Zerumbone induces mitochondria-mediated apoptosis via increased calcium, generation of reactive oxygen species and upregulation of soluble histone H2AX in K562 chronic myelogenous leukemia cells.
Tumour Biol. 2015 Nov ;36(11):8479-89. Epub 2015 May 31. PMID: 26026585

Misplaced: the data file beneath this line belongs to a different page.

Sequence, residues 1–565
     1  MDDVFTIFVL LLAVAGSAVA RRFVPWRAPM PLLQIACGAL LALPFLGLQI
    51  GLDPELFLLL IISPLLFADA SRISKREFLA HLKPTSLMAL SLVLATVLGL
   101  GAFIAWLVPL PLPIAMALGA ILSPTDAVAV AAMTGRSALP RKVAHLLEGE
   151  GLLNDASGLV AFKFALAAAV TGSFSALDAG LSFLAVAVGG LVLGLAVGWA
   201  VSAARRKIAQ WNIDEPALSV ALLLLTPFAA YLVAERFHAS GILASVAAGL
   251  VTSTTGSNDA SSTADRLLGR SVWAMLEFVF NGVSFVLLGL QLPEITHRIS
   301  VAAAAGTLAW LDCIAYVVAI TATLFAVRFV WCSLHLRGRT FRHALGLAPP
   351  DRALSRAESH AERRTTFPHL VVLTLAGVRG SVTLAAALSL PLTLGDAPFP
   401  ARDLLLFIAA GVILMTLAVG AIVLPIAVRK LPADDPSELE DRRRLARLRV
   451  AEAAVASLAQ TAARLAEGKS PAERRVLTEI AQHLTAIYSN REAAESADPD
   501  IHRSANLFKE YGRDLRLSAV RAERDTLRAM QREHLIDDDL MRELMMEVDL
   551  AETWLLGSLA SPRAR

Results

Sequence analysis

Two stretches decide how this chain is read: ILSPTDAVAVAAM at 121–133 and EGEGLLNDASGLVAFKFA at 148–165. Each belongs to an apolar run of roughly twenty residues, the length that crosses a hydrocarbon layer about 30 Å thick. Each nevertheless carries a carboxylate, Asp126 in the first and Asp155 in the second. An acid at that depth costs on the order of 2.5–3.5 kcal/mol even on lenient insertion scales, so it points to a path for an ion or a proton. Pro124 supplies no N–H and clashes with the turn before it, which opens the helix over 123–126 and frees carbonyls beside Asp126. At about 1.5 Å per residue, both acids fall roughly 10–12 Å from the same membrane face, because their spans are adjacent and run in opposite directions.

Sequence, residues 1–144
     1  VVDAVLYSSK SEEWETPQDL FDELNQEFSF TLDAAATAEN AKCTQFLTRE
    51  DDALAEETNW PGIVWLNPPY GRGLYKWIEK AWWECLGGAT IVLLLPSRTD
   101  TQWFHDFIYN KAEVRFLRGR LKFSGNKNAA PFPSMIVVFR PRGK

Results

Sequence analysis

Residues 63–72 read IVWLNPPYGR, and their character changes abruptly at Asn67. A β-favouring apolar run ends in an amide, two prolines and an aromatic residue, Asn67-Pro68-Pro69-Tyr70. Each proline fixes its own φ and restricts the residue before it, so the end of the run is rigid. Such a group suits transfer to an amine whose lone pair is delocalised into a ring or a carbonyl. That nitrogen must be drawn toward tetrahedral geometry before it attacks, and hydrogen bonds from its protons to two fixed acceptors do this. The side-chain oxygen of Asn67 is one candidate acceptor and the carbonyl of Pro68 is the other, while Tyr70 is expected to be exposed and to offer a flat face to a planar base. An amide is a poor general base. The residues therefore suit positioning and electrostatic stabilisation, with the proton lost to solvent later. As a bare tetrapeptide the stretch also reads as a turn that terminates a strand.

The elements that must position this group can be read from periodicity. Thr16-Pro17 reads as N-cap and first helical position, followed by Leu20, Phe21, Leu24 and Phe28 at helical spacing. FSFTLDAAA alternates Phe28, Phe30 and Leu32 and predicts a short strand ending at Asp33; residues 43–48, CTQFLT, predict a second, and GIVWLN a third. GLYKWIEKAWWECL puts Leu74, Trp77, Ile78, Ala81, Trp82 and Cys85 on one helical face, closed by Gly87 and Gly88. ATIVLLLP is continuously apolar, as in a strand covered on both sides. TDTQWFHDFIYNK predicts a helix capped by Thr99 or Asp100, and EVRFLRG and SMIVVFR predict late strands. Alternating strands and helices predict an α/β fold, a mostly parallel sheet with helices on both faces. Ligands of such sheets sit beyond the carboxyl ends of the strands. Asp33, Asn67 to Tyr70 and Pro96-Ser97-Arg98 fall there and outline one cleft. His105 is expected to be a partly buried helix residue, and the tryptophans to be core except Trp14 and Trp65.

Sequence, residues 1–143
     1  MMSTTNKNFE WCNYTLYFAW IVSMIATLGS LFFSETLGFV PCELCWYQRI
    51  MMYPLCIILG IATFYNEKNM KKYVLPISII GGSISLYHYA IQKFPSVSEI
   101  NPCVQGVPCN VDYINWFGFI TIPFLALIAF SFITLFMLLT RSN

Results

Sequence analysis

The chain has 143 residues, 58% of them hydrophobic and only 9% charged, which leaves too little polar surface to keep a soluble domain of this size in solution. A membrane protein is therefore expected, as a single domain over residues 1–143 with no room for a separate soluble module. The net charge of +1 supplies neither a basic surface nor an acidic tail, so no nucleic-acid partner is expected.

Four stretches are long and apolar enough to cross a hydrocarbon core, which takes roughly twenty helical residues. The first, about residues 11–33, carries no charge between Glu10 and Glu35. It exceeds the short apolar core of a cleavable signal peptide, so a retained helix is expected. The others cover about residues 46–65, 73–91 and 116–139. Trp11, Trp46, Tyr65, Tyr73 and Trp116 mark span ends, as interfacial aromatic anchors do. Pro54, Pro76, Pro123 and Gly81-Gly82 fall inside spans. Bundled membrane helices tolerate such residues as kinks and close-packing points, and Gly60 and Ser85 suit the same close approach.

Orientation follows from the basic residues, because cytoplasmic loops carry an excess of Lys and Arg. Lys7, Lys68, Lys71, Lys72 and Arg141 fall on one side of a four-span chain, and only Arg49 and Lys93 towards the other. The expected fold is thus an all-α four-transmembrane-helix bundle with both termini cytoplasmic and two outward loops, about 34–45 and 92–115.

Zerumbone, a natural cyclic sesquiterpene, is known to exhibit selective toxicity toward various cancer cells. Sustained efforts to explore the potential of new agents for effective therapy are critical in the context of development of drug resistance especially in cancers like chronic myelogenous leukemia (CML). The present study evaluated the effect of zerumbone on CML-K562 cells. The cell viability of zerumbone-treated K562 cells was detected by MTT assay, and morphological changes were observed by light microscopy and scanning electron microscopy (SEM). Staining with Hoechst 33258, acridine orange/ethidium bromide, and AnnexinV-FITC were used to detect apoptosis. Intracellular reactive oxygen species (ROS), Ca(2+), and changes in mitochondrial membrane potential were measured using Dichloro-dihydro-fluorescein diacetate (DCFH-DA), Fluo-3AM, and Rhodamine-123, respectively. Western blot analysis was carried out to detect key proteins involved in apoptosis. Zerumbone inhibited K562 cell proliferation with an IC50 value of 3.5μg/mL and colony formation capability (P < 0.001). Interestingly, zerumbone did not affect the growth of normal human peripheral blood lymphocytes (hPBLs). Distinct morphological changes observed by light microscopy and fluorescent staining with Hoechst-33258, AO/EtBr, annexin V-FITC, and cytotoxicity evaluation by comet assay indicated induction of DNA damage and apoptosis. This was further confirmed by demonstration of pro-caspase-3, -9 activation and Poly(ADP-ribose) polymerase (PARP) cleavage on western blots. Apoptosis induction was found to be mitochondria mediated, involving increased free intracellular Ca(2+), ROS, and upregulation of soluble histone H2AX. Our results suggest that zerumbone holds promise as a potential candidate drug for CML.